Through the grants, thousands of smallholder farmers will have access to reliable buyers, and tens of thousands of consumers will gain access to formally processed dairy products.
The equipment included dairy packing machines, milk pumps, milk cooling tanks, milk pasteurizers and boilers, milk transportation trucks and milk testing equipment.
The equipment represents part of $1.9m in USAID grants to the 24 grantees, which the grantees matched with their own investments of $4.2m.
A USAID official told DairyReporter the grantees are commercial farmers (4), privately owned companies (12), and cooperatives (8). Seven of the companies/commercial farms are women owned. Nineteen of the grantees are in the dairy industry.
The spokesperson said the majority of the equipment is dairy cooling equipment that will be placed around dairy processing facilities to allow smallholder farmers to sell their milk to these facilities making use of chilled collection-centers.
“These tanks are placed in the vicinity of the producers, so that farmers have easier access to an outlet, allowing processors to collect evening milk and keep it cool until morning collection.
“The processing plants also introduce quality control and in some cases introduce quality based payment, allowing farmers to invest further in the quality of their milk,” the spokesperson said.
Minister of Livestock and Fisheries Professor Fekadu Beyene and USAID mission director Leslie Reed handed over the equipment in the presence of representatives from various private sector entities, federal and regional government offices, development partners, sector related associations and cooperatives.
Reed urged the Ministry of Livestock and Fisheries and private-sector stakeholders, including the grantees, to work together to make the livestock industry safer and more profitable to improve lives and sustainably strengthen the Ethiopian economy.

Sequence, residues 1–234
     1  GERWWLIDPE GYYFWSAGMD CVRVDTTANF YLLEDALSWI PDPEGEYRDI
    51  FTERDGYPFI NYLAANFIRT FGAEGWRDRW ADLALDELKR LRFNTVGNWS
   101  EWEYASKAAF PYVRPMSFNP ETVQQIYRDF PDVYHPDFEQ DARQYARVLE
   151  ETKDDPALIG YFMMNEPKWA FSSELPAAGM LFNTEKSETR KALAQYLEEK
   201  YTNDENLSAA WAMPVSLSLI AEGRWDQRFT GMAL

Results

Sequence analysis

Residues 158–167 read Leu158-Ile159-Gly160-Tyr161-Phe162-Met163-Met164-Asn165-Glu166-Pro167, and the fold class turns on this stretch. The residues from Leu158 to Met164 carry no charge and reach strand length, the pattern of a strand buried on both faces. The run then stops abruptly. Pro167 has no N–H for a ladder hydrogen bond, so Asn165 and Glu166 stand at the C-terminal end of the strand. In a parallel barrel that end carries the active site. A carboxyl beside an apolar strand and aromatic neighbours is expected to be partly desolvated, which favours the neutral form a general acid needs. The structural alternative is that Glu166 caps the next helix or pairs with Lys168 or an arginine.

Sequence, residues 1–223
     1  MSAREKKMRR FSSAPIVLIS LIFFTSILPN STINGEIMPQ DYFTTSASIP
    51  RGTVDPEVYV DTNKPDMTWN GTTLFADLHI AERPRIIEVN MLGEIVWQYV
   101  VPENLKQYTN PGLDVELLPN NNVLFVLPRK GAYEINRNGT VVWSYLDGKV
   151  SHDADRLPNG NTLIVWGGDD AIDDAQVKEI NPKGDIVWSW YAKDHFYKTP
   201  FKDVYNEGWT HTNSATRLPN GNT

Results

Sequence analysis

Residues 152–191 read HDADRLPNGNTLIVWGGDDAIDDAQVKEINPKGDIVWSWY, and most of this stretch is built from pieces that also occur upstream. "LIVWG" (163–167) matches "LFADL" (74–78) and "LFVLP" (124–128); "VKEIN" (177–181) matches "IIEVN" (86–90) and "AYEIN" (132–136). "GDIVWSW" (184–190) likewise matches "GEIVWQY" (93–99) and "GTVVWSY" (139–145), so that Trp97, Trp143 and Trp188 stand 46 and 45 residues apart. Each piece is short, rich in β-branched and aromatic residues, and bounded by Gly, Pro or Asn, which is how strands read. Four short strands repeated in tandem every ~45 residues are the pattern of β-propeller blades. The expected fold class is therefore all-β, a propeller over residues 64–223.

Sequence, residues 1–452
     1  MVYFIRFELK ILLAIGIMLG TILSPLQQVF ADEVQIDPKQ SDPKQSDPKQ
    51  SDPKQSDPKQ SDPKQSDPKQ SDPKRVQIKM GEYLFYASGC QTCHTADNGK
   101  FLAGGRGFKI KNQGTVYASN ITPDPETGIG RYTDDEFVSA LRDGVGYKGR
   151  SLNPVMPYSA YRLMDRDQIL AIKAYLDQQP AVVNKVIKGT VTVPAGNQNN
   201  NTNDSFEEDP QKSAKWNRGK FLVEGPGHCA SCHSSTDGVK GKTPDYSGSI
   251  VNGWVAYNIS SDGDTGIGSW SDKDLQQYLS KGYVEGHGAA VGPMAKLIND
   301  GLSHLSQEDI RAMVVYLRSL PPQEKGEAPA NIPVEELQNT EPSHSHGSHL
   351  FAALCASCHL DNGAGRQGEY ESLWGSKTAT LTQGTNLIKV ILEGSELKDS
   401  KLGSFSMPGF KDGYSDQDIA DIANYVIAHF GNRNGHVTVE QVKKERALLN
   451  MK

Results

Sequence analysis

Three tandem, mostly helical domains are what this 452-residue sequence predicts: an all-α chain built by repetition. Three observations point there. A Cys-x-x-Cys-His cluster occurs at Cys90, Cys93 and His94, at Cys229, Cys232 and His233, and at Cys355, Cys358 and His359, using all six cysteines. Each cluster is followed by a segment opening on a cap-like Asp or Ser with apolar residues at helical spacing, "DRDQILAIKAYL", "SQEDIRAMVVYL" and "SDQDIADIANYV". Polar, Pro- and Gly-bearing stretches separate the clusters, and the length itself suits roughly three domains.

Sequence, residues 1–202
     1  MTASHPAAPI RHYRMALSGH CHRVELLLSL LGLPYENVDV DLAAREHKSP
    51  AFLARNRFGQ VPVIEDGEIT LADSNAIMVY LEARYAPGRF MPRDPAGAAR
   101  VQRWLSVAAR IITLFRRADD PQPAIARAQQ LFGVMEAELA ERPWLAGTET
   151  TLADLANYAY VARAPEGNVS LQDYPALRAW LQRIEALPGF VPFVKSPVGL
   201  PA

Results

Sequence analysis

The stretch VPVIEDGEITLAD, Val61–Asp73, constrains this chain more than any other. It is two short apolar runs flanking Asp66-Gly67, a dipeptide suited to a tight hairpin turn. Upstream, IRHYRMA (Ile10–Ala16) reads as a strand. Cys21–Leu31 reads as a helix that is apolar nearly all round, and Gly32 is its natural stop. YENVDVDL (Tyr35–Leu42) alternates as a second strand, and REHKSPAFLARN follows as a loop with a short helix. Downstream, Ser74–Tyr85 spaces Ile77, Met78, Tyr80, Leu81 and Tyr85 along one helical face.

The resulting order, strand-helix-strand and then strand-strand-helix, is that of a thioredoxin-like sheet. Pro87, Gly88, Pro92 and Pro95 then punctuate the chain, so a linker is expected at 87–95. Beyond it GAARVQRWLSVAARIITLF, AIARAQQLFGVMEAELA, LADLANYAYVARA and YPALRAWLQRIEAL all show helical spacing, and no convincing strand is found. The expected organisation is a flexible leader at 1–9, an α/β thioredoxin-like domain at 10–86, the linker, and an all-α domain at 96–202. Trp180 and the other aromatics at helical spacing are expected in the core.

The grant recipients included cooperatives and private businesses that produce, collect, process and sell dairy products.
The USAID spokesperson said the 24 grantees are all locally-owned businesses and cooperatives.
“Foreign companies/investors are involved in the dairy sector, but still on a rather limited scale and mainly around the capital Addis Ababa,” he said.
“The USAID-provided grants support the expansion of dairy processing plants in the Addis area, but also in other urban centers of Ethiopia where formal dairy processing was basically non-existent to date (Bahir Dar, Mekelle, Adama, Awassa, Gondar).”
The Ethiopian dairy sector’s main challenge is the informality of the sector (92-95% of the milk produced in Ethiopia is consumed at household level or sold informally), making it difficult for farmers to invest in their dairy production and productivity, the spokesperson said.
“There is also no quality control on milk in the informal market system,” he added.
The spokesperson added Ethiopia’s dairy consumption is highly influenced by the fasting culture (the Ethiopian Orthodox Church designates 180 days per year as obligatory fasting days), reducing milk demand by an estimated 30% to 70%, depending on the region, for periods of up to two months.
During fasting season, businesses continue to buy milk from smallholder farmers, which they process into cheeses, butter, yogurt and long shelf life milk, which is their way to overcome the demand fluctuation.
Also, companies can reach urban center markets where the influence of the fasting season is less noticeable than in rural areas.
USAID’s Livestock Market Development is a five-year activity implemented as part of the US Government’s Feed the Future initiative, with the goal to improve smallholder incomes and nutritional status in four regions of Ethiopia.